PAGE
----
Race and Place: How Urban Gondolas Address Segregation

Austin is the United States’ number one economically segregated large metro area. Within it, race and poverty are well-studied. The city has the 8th fastest growing poverty rate in the country with almost a quarter of its black and Latino populations living below that rising poverty level. Most minority citizens live in one common geographic location: east of I-35.

This partitioning spells out a disaster for both diversity and equality. Being separated by an interstate inhibits the suburban poor from equally contributing to and participating in the city proper. This condition drastically limits their access to the resources of the urban core including diverse jobs and city amenities like parks. Inside the city, this lack of integration shapes public perception of who is integral and whose needs must be addressed. Unfortunately, the state of Austin’s segregation is unlikely to change largely because of its limited public transportation options. Social mobility, in part, requires geographic mobility.

However, there is a proposal in the works that might improve this inequality: an urban gondola system. Elevated urban cable car systems have proven effective in other cities across the world with similar connectivity challenges as Austin. If urban gondolas could be adapted to a major US market, the social change could be significant.

Buses serve as the main form of public transit in Austin, yet they are unpredictable and molasses-slow because of the city’s traffic. This is hardly a reliable method for time-sensitive, work-related commutes. Elizabeth Kneebone, a fellow at the Metropolitan Policy Program at the Brookings Institute, confirms the reality of these limitations, explaining that, “part of the problem [with suburban poverty] is access to transit.” Currently, Austin’s public transportation only gets lower-income populations outside of the urban core to “about 12 percent of the region’s jobs in a 90 minute commute,” notes Kneebone.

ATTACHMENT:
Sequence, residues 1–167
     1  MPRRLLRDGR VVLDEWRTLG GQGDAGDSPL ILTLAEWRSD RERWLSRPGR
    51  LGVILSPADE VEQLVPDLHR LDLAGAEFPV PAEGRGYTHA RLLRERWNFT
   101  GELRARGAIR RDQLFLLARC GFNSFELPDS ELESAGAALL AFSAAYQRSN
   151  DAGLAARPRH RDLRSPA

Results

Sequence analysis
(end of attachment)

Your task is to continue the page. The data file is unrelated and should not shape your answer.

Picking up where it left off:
In an effort to address these problems, the city has tried several solutions. Austin expanded its western highway, MoPac, to ease commuter congestion through use of a pay lane, the cost of which increases with demand, similar to Uber’s surge pricing system. While this expansion aids in relieving congestion for Austin’s more well off (and largely white) population, this change does little for the poor on the east side of the city who may not be able to afford cars, let alone the cost of extra toll fees.

Another recently attempted solution was the MetroRail, a 32-mile line with nine stations that runs between the north of the city and its center. The problem with MetroRail and other rail systems like it is that they come with an expensive price tag for cities, its taxpayers, and its riders, especially when it comes to expansion. Construction in general, and rapid construction specifically, is costly and often prohibitively troublesome because routes have to be constructed across rivers and freeways, often interfering with infrastructure that is already there. Municipalities, therefore, have to pay for every square foot these developments touch, resulting in cities fronting massive bills until the systems can pay themselves off.